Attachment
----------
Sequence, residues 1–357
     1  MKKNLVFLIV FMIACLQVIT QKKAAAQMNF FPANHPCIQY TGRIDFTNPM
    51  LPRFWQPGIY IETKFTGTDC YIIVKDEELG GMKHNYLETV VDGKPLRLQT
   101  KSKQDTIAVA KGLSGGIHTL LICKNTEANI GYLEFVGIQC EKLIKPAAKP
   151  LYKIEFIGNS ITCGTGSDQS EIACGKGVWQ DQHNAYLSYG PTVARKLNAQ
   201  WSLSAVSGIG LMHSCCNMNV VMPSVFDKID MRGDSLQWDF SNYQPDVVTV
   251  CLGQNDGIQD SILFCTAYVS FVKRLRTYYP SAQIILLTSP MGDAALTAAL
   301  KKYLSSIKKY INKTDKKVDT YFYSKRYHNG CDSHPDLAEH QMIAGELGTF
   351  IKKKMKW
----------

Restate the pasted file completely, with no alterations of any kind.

Sequence, residues 1–357
     1  MKKNLVFLIV FMIACLQVIT QKKAAAQMNF FPANHPCIQY TGRIDFTNPM
    51  LPRFWQPGIY IETKFTGTDC YIIVKDEELG GMKHNYLETV VDGKPLRLQT
   101  KSKQDTIAVA KGLSGGIHTL LICKNTEANI GYLEFVGIQC EKLIKPAAKP
   151  LYKIEFIGNS ITCGTGSDQS EIACGKGVWQ DQHNAYLSYG PTVARKLNAQ
   201  WSLSAVSGIG LMHSCCNMNV VMPSVFDKID MRGDSLQWDF SNYQPDVVTV
   251  CLGQNDGIQD SILFCTAYVS FVKRLRTYYP SAQIILLTSP MGDAALTAAL
   301  KKYLSSIKKY INKTDKKVDT YFYSKRYHNG CDSHPDLAEH QMIAGELGTF
   351  IKKKMKW